Updated for 2021! None of the sunscreens listed here tested positive for benzene contamination.

We updated our sunscreen roundup for 2021 with the 10 best reviewed, non-toxic mineral sunscreens we could find. As always, we make sure that our picks are easy to find online and in stores.

Sunscreen in our minds is synonymous with summer and being outside! But there are so many choices, it's hard to know if what you're getting is something that actually works and that you will like. Not to mention that there are some questionable chemicals in sunscreens that are definitely horrible for coral reefs and might be endocrine disruptors that are absorbed through your skin and have been found to circulate in your blood. We'd prefer to stick with mineral sunscreens that basically act like a physical barrier to harmful UV rays.

These picks are great as everyday body and sport sunscreens. We always have one by the door so that every family member loads up before leaving the house. So look for one of our top 10 picks for non-toxic sunscreens the next time your tube is empty. Many of these brands have plenty of options in stick formats, with and without tints, and come in a variety of formulations for everyday wear, sweaty sports and beach days. Any of these are 10 options are safe for kids and babies too, but if you're looking for a specific baby or toddler sunscreen, be sure to check out our best 13 non-toxic baby sunscreen options. We also have a roundup of facial sunscreens that are formulated especially for everyday coverage that protects against wrinkles and spots but won't clog pores.



a) All Good Sport Sunscreen SPF 30
b) Babo Botanicals Clear Zinc Sunscreen SPF 30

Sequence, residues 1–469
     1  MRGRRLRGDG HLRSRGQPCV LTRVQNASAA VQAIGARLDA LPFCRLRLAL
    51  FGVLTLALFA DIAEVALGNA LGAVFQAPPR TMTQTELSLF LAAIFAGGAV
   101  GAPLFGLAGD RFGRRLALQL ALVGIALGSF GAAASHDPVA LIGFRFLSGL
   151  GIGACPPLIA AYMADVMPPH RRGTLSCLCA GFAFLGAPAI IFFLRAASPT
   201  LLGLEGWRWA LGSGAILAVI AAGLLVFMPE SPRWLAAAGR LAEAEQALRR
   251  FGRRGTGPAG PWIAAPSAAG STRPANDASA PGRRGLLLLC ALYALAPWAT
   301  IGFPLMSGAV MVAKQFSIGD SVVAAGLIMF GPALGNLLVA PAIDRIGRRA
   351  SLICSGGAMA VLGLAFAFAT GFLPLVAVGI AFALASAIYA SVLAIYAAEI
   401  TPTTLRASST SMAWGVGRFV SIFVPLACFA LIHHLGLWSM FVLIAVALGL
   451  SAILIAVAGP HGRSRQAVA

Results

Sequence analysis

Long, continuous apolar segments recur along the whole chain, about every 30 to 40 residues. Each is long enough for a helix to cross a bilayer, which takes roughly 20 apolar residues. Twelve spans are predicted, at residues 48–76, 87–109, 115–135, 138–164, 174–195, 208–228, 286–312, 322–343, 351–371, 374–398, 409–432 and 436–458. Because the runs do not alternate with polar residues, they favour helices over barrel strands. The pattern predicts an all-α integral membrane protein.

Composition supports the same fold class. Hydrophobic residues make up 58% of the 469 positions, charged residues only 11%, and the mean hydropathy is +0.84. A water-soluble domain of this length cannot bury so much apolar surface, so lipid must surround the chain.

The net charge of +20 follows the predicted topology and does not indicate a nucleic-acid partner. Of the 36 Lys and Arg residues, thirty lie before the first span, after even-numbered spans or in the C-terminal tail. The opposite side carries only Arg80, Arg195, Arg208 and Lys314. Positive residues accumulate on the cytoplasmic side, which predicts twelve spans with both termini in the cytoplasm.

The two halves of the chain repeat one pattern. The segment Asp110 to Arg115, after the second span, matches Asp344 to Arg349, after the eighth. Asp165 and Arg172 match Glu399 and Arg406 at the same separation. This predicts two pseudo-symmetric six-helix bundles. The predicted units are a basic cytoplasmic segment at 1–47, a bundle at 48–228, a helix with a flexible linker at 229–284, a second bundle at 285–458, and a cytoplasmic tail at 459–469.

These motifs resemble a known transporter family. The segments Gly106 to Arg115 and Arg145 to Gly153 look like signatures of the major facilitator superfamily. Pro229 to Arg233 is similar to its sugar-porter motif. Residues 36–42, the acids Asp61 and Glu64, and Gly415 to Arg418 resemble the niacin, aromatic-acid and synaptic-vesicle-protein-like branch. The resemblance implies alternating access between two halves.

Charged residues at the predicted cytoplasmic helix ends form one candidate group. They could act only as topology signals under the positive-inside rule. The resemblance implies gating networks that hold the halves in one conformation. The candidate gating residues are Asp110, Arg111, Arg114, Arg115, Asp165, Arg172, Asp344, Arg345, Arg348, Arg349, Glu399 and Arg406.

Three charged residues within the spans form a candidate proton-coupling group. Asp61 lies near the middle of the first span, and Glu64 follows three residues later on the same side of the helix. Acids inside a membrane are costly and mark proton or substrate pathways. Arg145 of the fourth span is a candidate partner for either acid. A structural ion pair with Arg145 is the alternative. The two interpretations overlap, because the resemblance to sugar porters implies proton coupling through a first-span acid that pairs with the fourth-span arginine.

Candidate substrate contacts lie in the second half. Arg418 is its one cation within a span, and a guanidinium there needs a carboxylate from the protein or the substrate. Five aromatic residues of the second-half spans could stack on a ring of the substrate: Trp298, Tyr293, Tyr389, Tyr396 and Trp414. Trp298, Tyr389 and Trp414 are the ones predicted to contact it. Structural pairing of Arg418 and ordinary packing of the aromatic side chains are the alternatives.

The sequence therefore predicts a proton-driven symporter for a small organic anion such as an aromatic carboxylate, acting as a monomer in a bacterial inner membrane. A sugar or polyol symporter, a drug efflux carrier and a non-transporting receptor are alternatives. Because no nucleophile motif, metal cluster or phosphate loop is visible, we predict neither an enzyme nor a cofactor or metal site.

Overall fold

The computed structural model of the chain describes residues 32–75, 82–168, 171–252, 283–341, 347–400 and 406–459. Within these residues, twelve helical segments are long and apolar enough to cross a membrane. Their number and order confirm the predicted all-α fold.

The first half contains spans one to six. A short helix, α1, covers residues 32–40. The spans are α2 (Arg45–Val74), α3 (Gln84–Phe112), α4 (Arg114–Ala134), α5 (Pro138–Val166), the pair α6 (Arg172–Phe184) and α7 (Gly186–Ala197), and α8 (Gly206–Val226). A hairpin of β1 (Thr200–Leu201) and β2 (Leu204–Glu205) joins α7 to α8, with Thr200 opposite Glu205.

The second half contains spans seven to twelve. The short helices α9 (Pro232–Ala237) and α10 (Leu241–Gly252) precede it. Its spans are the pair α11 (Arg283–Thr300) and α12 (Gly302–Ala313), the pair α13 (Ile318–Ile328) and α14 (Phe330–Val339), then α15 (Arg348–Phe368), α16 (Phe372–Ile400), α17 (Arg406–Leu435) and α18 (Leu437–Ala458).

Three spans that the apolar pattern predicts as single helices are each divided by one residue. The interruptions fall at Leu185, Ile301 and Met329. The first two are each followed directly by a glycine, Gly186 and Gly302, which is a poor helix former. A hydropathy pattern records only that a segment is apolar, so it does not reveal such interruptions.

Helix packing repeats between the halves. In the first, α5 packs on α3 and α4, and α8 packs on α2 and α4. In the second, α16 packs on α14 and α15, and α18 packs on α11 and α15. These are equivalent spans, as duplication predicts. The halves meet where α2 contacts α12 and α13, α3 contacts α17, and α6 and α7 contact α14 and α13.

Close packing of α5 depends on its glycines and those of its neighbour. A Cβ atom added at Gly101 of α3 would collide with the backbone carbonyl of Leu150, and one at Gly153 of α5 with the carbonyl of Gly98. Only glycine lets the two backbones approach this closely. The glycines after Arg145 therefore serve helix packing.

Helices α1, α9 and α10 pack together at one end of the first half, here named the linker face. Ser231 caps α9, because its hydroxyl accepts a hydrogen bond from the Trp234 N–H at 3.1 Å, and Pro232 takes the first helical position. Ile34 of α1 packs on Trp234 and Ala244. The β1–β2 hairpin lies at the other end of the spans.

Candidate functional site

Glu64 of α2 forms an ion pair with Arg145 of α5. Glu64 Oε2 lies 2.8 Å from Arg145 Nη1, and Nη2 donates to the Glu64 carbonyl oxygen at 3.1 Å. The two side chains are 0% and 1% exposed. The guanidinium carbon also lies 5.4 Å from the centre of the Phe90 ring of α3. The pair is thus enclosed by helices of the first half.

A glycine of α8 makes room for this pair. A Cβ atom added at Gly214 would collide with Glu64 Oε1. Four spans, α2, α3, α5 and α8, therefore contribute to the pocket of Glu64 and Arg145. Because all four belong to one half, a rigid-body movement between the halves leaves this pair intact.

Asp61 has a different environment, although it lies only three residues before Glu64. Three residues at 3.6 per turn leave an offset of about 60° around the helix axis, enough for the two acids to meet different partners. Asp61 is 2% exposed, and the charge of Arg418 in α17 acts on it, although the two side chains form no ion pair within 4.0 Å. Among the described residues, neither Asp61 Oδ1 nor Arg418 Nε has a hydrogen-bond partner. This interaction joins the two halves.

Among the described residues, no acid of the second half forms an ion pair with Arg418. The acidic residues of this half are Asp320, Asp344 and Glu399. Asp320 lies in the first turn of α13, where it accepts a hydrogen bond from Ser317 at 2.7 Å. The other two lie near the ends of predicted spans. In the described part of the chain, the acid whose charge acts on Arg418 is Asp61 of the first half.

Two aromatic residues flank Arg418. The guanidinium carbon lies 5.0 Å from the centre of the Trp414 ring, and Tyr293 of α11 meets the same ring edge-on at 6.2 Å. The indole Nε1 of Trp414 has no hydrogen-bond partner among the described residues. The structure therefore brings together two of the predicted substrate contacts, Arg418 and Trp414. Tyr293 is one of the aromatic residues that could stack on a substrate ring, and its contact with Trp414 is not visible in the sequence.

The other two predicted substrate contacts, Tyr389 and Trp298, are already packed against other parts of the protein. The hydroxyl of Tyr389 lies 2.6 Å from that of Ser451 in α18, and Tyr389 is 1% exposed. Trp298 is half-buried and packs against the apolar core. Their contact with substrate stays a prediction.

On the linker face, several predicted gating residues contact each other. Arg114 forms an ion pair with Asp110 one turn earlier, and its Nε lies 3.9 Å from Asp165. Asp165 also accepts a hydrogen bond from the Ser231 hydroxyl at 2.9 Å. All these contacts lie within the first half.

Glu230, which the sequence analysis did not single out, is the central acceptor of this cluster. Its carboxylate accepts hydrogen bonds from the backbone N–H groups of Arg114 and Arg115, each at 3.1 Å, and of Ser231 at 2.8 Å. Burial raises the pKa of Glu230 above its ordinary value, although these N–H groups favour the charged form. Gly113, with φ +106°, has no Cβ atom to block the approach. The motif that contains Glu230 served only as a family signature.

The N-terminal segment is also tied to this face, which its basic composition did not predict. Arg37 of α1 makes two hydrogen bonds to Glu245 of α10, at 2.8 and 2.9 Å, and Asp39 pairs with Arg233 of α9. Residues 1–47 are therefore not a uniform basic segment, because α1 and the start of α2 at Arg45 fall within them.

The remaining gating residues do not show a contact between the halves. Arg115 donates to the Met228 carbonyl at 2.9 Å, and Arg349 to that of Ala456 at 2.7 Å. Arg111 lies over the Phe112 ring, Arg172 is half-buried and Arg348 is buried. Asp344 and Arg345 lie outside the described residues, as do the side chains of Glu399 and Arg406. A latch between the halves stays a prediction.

c) Badger Clear Zinc Regular and Sport Sunscreen SPF 30
d) Blue Lizard Sensitive Sunscreen
e) EleVen On-the-Defense Sunscreen SPF 30
f) Block Island Natural Mineral Sunscreen SPF 30
g) Jason Mineral Sunscreen SPF 30 Broad Spectrum
h) Juice Beauty SPF 30 Sport Sunscreen
i) Thinksport Safe Sunscreen SPF 50
j) Two Peas Organics SPF 30 Unscented Mineral Sunscreen



Because Health is a participant in the Amazon Services LLC Associates Program, an affiliate advertising program so that when you click through our Amazon links, a percentage of the proceeds from your purchases will go to Because Health. We encourage you to shop locally, but if you do buy online buying through our links will help us continue the critical environmental health education work we do. Our participation does not influence our product recommendations. To read more about how we recommend products, go to our methodology page.

Life

Do Personal Care Products for Men Impact Reproductive Health?

Endocrine disrupting chemicals can be a big problem for men's health

Personal care products for men are abundant today. Shaving creams, aftershaves, hair sprays, hair gels…the list goes on and on. And it's likely to keep growing . The men's personal care market is expected to expand at a compound annual growth rate of 6.0% from 2020 to 2027, and the decision to buy is not just influenced by looks. In fact, 81% of men globally believe that grooming purchase decisions are influenced by three things: health, hygiene, and looks (1).

But have you ever looked at the ingredients included in your go-to products? A large percentage of the men's personal care stuff out there today can contain harmful chemicals like phthalates.

So what the heck are phthalates and what dangers do they pose to our health? And how do we find non-toxic men's personal care products with clean ingredients? Read on and find out!

What are phthalates and what are they used for?